Someone recently said that in their opinion, one of the biggest challenges facing preachers and the church generally these days stems from the fact that a lot of people just no longer want to connect God with the idea that God would ever even consider punishing people for their sins. We want an indulgent God. We want the kindly “old man upstairs” sort of God presented in what Christian Smith describes as “morally therapeutic deism,” a God who grades on the curve and is mostly just interested in people being nice.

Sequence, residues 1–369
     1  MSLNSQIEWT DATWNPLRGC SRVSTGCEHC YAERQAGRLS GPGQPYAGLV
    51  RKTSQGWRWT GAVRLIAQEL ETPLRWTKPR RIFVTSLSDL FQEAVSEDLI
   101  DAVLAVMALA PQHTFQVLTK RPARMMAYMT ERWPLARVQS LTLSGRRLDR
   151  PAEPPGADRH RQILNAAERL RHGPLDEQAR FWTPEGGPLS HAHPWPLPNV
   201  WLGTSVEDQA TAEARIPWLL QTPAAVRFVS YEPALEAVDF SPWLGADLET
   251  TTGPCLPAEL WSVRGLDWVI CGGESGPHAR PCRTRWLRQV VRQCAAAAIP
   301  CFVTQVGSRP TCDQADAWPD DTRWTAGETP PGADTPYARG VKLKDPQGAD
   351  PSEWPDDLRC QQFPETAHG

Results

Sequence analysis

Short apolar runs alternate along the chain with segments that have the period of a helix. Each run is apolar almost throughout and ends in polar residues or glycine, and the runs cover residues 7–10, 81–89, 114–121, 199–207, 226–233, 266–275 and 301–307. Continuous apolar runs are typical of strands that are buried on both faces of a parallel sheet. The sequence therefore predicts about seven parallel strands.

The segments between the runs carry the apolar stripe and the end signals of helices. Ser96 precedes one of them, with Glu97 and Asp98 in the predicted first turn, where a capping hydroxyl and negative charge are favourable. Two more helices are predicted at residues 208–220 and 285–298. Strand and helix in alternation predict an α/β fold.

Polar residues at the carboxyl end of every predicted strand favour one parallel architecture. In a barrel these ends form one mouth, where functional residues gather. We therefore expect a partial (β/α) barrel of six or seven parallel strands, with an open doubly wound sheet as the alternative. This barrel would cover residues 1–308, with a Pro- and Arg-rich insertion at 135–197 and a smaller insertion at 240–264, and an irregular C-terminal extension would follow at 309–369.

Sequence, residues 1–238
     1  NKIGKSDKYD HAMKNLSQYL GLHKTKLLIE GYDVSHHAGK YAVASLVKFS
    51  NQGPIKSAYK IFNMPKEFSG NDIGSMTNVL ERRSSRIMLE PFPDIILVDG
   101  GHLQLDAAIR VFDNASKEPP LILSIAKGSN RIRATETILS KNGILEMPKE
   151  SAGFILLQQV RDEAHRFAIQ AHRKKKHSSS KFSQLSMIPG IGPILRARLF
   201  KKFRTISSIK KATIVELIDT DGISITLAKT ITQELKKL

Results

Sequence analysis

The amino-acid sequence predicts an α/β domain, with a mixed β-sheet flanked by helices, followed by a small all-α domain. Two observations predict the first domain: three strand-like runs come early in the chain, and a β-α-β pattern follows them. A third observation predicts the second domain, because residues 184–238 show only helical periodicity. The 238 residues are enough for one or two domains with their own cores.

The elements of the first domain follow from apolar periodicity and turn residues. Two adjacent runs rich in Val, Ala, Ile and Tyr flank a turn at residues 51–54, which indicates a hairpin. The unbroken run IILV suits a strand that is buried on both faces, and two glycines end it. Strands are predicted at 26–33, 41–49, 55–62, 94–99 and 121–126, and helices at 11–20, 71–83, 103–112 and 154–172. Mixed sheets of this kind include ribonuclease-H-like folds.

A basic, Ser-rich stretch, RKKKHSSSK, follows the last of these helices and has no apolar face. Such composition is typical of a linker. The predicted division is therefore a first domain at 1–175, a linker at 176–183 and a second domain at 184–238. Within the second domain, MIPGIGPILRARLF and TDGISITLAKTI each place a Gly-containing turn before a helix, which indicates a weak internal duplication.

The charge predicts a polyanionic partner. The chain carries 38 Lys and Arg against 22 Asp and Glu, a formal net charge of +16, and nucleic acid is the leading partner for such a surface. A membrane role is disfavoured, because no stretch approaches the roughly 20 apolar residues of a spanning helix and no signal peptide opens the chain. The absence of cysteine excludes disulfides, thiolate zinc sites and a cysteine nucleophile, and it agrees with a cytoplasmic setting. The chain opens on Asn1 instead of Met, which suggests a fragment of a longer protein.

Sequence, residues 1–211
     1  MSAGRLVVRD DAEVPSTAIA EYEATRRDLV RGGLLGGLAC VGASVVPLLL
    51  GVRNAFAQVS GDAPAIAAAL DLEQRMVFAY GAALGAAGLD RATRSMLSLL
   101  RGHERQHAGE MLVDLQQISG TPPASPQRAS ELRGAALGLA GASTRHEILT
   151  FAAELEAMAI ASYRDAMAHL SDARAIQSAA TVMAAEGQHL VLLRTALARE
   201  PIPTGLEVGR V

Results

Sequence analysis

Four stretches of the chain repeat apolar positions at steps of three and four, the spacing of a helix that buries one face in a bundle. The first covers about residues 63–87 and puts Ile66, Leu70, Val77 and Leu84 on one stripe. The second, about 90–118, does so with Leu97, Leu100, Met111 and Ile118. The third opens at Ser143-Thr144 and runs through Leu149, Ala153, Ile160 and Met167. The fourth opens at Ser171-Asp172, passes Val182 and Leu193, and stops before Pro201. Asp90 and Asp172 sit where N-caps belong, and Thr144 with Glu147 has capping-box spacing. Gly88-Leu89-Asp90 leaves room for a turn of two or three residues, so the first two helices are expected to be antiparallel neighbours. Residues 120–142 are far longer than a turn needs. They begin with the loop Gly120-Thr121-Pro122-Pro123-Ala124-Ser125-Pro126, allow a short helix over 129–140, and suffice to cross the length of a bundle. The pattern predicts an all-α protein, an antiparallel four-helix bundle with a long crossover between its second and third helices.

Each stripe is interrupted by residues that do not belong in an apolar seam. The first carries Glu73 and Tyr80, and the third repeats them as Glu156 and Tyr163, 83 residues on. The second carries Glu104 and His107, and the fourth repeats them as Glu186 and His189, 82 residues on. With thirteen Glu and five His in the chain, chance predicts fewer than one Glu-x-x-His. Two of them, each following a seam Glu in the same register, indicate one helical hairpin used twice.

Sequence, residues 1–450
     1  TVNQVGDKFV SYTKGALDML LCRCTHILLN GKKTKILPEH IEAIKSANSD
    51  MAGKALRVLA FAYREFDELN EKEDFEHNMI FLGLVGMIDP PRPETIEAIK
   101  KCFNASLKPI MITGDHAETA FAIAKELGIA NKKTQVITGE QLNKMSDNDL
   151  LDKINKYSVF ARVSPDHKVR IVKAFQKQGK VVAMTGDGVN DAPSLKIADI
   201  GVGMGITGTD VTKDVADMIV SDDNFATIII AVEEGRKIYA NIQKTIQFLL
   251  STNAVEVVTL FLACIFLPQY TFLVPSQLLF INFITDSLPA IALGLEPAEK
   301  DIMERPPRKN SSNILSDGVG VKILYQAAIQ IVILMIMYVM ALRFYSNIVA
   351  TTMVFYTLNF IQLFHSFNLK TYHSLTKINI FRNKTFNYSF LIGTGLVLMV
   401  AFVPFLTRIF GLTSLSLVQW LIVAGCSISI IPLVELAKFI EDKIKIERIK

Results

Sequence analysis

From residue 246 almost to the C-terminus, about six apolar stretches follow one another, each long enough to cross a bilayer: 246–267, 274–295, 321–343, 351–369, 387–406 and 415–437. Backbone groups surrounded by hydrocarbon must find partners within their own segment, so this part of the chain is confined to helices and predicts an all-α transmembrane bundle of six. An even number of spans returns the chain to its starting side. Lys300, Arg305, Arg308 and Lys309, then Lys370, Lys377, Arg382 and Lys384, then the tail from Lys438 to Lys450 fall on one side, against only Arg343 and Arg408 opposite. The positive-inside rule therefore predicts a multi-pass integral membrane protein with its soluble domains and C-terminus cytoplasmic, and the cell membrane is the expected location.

Well and of course maybe we can understand some of this impulse. The Gospel is primarily about the lovingkindness and grace of God and God’s free offer of salvation through Jesus the Son. But what we cannot forget is this salvation is available for one reason: all of God’s punishment for and judgment on sin fell on Jesus on the cross. The hell of it all, the misery of it all, the death of it all: it all fell on the shoulders of Jesus. God laid on him the iniquity of us all. By his stripes we are healed—stripes inflicted on him for our sins, not somebody else’s sins. If we shy away from talking about punishment for sins because we want people to know God will never punish us again if we are in Christ. But to suggest punishment and judgment are not or never were in our salvation mix is to bracket out large—I would say huge—swaths of the Bible.